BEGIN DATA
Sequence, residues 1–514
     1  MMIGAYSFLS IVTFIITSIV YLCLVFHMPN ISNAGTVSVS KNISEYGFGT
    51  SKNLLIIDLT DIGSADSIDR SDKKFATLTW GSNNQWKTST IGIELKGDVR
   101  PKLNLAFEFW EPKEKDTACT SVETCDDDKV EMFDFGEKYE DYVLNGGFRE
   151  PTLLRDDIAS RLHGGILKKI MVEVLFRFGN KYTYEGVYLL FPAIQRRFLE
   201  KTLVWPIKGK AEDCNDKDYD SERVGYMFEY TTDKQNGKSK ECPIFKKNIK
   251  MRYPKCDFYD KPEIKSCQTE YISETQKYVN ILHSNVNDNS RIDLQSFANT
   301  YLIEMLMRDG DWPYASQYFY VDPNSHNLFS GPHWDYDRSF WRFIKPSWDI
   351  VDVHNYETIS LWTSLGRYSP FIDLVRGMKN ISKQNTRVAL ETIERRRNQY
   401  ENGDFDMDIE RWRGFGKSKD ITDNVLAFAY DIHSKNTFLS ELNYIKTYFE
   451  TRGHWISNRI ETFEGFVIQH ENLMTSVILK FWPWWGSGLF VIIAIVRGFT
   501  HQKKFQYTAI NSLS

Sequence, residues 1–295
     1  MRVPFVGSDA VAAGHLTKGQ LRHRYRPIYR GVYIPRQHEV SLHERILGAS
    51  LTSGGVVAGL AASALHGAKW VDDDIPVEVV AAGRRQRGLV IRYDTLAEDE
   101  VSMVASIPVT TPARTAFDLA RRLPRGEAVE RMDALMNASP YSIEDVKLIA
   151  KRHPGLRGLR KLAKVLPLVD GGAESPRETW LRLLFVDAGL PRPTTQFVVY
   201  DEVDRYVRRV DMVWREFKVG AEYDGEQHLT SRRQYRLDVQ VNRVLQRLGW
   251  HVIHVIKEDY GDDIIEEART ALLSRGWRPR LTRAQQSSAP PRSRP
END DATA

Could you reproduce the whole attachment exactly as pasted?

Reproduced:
Sequence, residues 1–514
     1  MMIGAYSFLS IVTFIITSIV YLCLVFHMPN ISNAGTVSVS KNISEYGFGT
    51  SKNLLIIDLT DIGSADSIDR SDKKFATLTW GSNNQWKTST IGIELKGDVR
   101  PKLNLAFEFW EPKEKDTACT SVETCDDDKV EMFDFGEKYE DYVLNGGFRE
   151  PTLLRDDIAS RLHGGILKKI MVEVLFRFGN KYTYEGVYLL FPAIQRRFLE
   201  KTLVWPIKGK AEDCNDKDYD SERVGYMFEY TTDKQNGKSK ECPIFKKNIK
   251  MRYPKCDFYD KPEIKSCQTE YISETQKYVN ILHSNVNDNS RIDLQSFANT
   301  YLIEMLMRDG DWPYASQYFY VDPNSHNLFS GPHWDYDRSF WRFIKPSWDI
   351  VDVHNYETIS LWTSLGRYSP FIDLVRGMKN ISKQNTRVAL ETIERRRNQY
   401  ENGDFDMDIE RWRGFGKSKD ITDNVLAFAY DIHSKNTFLS ELNYIKTYFE
   451  TRGHWISNRI ETFEGFVIQH ENLMTSVILK FWPWWGSGLF VIIAIVRGFT
   501  HQKKFQYTAI NSLS

Sequence, residues 1–295
     1  MRVPFVGSDA VAAGHLTKGQ LRHRYRPIYR GVYIPRQHEV SLHERILGAS
    51  LTSGGVVAGL AASALHGAKW VDDDIPVEVV AAGRRQRGLV IRYDTLAEDE
   101  VSMVASIPVT TPARTAFDLA RRLPRGEAVE RMDALMNASP YSIEDVKLIA
   151  KRHPGLRGLR KLAKVLPLVD GGAESPRETW LRLLFVDAGL PRPTTQFVVY
   201  DEVDRYVRRV DMVWREFKVG AEYDGEQHLT SRRQYRLDVQ VNRVLQRLGW
   251  HVIHVIKEDY GDDIIEEART ALLSRGWRPR LTRAQQSSAP PRSRP